John Fenderson (profile) says:

Re: Re: Re: Live with Themselves

The NSA probably IS just an information-gathering organization. They’re not the CIA, they’re not the military.

True, but you say this as if it minimizes the role of the NSA. Information gathering is even more powerful and dangerous than the operational entities.

The NSA isn’t the Big Bad here, they’re just the minions.

The NSA certainly is a big bad here. Given that they regularly hide information from, and lie to, the people who are theoretically supervising them, it’s disingenuous to describe them as simply being “minions”.

That said, there isn’t only one bad actor here. In my opinion, the NSA is being evil and we shouldn’t let them off the hook for that. But everyone else involved with this (the executive, legislative, and judicial branches) are being evil as well. All of their feet should be in the fire.

Anonymous Coward says:

Re: Re: Re: Live with Themselves

Who’s the Big Bad, then? Obama?
He was singing a very different tune before the elections. Do you honestly think he changed it all by himself?

IMHO, I don’t think there is a single identifiable Big Bad (Brother), just the collective and self-reinforcing corruption of formerly (and some possibly still) well-meaning people by the toxic proximity of too much power.


Re: Re: Re:2 Live with Themselves

If it’s part of the executive branch, then Obama’s in charge. Full stop. No excuses.

There are certain things that the other branches of government to do to get in the way of POTUS. Unless you can cite one, then this all rests on Obama. The fact that Bush started it is not a sufficient excuse.

Don’t try to make up excuses for Obama acting like any other middle aged white guy.

John Fenderson (profile) says:

Re: Re: Re:3 Live with Themselves

If it’s part of the executive branch, then Obama’s in charge. Full stop. No excuses.

Not quite. If you’re looking for a place for the buck to stop, it would more properly be in Congress. It’s Congress that authorized the existence of the court, it’s Congress that created the laws permitting all of this misbehavior, and it’s Congress that is charged with oversight.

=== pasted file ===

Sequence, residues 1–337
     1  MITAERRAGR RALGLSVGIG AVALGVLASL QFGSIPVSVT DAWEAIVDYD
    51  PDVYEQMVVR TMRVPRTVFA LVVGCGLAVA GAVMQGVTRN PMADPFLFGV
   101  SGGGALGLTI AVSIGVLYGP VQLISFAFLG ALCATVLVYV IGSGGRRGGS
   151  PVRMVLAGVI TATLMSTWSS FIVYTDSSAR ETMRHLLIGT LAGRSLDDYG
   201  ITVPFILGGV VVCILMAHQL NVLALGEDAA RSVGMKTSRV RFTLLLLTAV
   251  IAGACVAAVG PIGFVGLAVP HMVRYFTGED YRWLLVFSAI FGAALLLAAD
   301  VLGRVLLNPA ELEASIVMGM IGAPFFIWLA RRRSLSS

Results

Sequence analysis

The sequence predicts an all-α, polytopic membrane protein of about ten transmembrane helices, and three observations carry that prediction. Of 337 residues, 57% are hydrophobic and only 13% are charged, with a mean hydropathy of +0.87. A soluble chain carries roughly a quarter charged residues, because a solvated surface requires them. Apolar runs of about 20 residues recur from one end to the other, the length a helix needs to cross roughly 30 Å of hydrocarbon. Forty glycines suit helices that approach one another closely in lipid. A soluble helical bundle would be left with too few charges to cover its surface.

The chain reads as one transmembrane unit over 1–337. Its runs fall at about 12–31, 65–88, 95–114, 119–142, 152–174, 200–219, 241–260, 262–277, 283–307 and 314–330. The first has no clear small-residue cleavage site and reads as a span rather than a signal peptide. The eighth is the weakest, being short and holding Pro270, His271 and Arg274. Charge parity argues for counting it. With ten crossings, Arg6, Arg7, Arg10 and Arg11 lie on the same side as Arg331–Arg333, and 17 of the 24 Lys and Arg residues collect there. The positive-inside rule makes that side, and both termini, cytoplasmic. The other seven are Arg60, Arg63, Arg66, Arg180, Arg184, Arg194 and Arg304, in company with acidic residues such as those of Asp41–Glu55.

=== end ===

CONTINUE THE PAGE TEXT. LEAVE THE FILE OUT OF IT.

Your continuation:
You’re right insofar as this stuff requires the complicity of the judicial and executive branches as well — any of the three branches can bring this to an end — but the whole thing is Congressional at its core.

Anonymous Coward says:

Re: Re: Re:4 Live with Themselves

“but the whole thing is Congressional at its core.”

But the Congressman who wrote the bill says this was not his intention. And certainly, the Patriot Act does not REQUIRE the NSA to spy on everyone. It takes a special reading of the bill and the Constitution to even attempt to justify it.

So most of the blame goes to the executive branch, which is actually doing the spying.

Think of it this way. If tomorrow Obama used the War Powers Act to bomb France for no reason, would you blame Congress for passing the War Powers Act which allows him to do this under US law, or would you blame Obama?

John Fenderson (profile) says:

Re: Re: Re:5 Live with Themselves

If tomorrow Obama used the War Powers Act to bomb France for no reason, would you blame Congress for passing the War Powers Act which allows him to do this under US law, or would you blame Obama?

I would blame both, just as I do with this NSA stuff.

The bottom line is that, secret interpretations or not, this is law that was written and passed by Congress, gets regularly renewed by Congress, and is Congress’ responsibility.

That some Congressmen are saying that they never intended the law to be used this way fails on three counts: first, that when the laws were being debated, everyone was explicitly warned that this sort of thing would happen — so intended or not, they knew. Second, the keep renewing it. Third, they could correct this misuse by correcting the law — which is something that they don’t appear interested in doing.

Anonymous Coward says:

If more students like these are starting to question the role of government in our lives then the NSA is going to have a major recruiting problem. ON the other hand, I hope these students start working at the NSA because then they can release all of the documents about our government’s two-faced attitudes toward the American People and our allies.

While Julian Assange and Bradley Manning handled it the wrong way, I think that Edward Snowden may have just given the American People someone to stand behind and to fight for.

If President Obama, the U.S. Congress and the liberal establishment in this country were smart (and that includes the liberal media), they would hand Snowden a presidential pardon and reward him for revealing to the public about this secret spying program.

As it stands now, the only thing that President Obama, the Democrats and their liberal supporters are doing is turning Snowden into a martyr for a cause that every American believes in.

That Anonymous Coward (profile) says:

Re: Re:

I was with you up until the whole ‘THANKS OBAMA!” portion of the message.
Let us be very clear.
This spying is not a Democrat or Republican thing.
It is not a Liberal or Conservative thing.

It is the result of terrified people giving power without question to the Government and not bothering to trust be verify that they are still acting in our best interests.

This is pouring money into the pockets of contributors offering snake oil fixes to imagined problems.
This is why Freedom has a price, and people have been unwilling to hold up their portion to be vigilant and speak out when they see things being done wrong in their name.